Saint Laurent S/S 2020 Paris Fashion Week Women’s

Saint Laurent S/S 2020 Paris Fashion Week Women’s

Scene setting: Under the direction of Anthony Vaccarello, the Saint Laurent show has morphed from a closed-doors affair to something of a symbol of France’s power and might in the fashion industry. But nobody could deny the maison’s shows, staged in the open on the Fontaine du Trocadéro, just in front of a glittering Tour Eiffel, make perfect sense. After all, who has better embodied the values of true Parisian chic than Yves Saint Laurent? Vaccarello knows this, but he also knows the value of a good show (and one that is somewhat accessible to passersby, who invariably gather outside to watch the models strutting down the catwalk). This time, the brand came up with the idea of a moving lights show that framed each model as she walked by. And yet, once the show opened, it became clear that the real focus would be on the clothes.

Moodboard: If the show opened on classic Vaccarello grounds (all black, ultra sexy, short shorts galore), the shift focused to gradually reveal the real theme of the collection: an hommage to Yves Saint Laurent’s 1976 Ballets Russes collection. That year marked a turning point for the French designer, whose elevated hippy bohemian look would soon become synonym with Parisian elegance in the collective imaginary. Vaccarello revived those styles, unapologetically dressing his models in vaporous dresses, metallic jacquards, golden lamé (and golden boots!) and velvet. It was a delicious excess manifesto and, most importantly, it was offering women something that hasn’t been widely available for quite some time. But his homage to Saint Laurent didn’t end there. After a dramatic pause, a series of black tuxedoes worn, among others, by Stella Tennant and Naomi Campbell, played with the codes of Le Smoking. A real tour de force, as the French would say.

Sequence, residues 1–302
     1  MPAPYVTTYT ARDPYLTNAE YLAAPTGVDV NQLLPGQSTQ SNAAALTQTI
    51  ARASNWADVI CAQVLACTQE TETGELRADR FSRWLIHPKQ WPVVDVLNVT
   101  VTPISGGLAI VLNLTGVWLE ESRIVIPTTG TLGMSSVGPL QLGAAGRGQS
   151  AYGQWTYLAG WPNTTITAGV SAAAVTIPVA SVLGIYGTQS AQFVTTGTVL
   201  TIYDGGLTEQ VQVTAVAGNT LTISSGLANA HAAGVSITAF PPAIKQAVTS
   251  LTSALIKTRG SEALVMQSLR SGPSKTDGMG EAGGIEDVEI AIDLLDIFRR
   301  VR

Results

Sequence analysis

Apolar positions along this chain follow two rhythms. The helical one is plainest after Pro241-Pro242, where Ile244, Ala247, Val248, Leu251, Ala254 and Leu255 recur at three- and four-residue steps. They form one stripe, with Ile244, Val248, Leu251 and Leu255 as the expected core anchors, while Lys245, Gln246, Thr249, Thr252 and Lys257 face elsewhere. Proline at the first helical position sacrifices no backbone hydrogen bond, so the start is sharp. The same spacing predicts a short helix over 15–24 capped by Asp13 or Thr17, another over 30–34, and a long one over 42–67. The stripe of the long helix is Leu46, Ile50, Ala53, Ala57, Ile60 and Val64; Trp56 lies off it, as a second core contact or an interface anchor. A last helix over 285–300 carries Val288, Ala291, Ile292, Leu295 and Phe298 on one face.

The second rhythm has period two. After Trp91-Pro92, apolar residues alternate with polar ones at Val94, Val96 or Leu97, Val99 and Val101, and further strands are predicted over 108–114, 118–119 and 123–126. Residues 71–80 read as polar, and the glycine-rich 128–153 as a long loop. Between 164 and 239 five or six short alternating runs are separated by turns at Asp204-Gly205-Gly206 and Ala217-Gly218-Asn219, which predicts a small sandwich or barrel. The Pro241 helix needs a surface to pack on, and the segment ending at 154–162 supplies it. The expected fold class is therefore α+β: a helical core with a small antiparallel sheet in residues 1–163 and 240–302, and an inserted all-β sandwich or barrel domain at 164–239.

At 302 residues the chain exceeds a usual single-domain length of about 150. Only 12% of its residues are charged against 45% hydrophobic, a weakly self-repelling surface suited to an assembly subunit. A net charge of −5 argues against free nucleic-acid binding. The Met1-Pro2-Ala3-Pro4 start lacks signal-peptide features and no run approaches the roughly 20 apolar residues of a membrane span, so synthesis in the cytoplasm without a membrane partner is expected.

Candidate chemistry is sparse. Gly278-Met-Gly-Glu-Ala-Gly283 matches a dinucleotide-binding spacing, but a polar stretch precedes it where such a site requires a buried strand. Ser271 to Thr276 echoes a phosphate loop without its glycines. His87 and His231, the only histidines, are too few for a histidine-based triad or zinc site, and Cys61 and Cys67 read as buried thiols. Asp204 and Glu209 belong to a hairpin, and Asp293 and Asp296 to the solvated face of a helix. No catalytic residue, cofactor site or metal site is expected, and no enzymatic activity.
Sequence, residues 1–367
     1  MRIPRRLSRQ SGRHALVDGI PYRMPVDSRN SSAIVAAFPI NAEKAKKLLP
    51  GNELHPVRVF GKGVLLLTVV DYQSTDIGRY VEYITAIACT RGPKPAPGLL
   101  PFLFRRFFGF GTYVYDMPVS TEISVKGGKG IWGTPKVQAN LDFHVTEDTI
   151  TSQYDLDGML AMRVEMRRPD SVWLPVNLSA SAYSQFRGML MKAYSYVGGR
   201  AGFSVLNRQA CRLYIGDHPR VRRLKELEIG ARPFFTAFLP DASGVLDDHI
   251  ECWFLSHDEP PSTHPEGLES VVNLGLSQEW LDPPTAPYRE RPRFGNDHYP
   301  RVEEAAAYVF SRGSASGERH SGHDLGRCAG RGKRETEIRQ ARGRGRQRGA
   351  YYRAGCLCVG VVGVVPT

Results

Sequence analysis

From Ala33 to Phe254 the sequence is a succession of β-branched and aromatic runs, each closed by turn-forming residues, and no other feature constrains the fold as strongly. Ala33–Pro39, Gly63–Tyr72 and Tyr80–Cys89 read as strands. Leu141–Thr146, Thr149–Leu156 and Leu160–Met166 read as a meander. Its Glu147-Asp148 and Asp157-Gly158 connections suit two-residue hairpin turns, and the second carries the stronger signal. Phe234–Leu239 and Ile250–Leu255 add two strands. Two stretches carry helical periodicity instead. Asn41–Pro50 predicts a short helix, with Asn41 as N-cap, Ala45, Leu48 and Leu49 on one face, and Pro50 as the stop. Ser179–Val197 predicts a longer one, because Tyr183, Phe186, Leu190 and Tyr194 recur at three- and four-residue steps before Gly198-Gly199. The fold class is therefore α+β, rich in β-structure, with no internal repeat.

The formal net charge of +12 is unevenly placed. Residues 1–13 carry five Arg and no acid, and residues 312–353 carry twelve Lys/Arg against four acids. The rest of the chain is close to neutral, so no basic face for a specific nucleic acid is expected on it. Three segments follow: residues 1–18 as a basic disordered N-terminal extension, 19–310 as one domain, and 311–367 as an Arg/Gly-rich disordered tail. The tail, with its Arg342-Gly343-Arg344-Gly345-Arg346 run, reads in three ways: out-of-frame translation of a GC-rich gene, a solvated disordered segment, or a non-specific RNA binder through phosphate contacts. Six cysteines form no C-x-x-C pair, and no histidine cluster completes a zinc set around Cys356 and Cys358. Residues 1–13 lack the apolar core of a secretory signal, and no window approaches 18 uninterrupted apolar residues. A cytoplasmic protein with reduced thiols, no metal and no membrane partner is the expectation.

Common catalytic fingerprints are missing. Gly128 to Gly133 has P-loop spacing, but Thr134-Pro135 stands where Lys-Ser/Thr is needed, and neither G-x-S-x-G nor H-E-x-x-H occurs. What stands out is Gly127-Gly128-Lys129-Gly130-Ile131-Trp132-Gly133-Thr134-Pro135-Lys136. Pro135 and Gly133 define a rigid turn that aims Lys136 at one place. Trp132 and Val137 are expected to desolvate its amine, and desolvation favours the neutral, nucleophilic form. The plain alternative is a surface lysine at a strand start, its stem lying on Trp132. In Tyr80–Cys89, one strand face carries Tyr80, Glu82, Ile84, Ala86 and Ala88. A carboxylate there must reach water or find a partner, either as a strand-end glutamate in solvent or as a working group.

Finishing touches: A collection as rich as this would have been spoiled by too much styling and accessories, and Anthony Vaccarello knew where to restrain and where to go all out. However, two accessories caught the public’s attention: Betty Catroux-inspired oversized sunglasses where everywhere, a stark contrast to the current ever-shrinking sunglass trend (it is worth noting that the real Betty Catroux was front row, clad in sunglasses herself). And headscarves were also ubiquitous, a very Loulou de la Falaise detail that was irresistibly enticing. §

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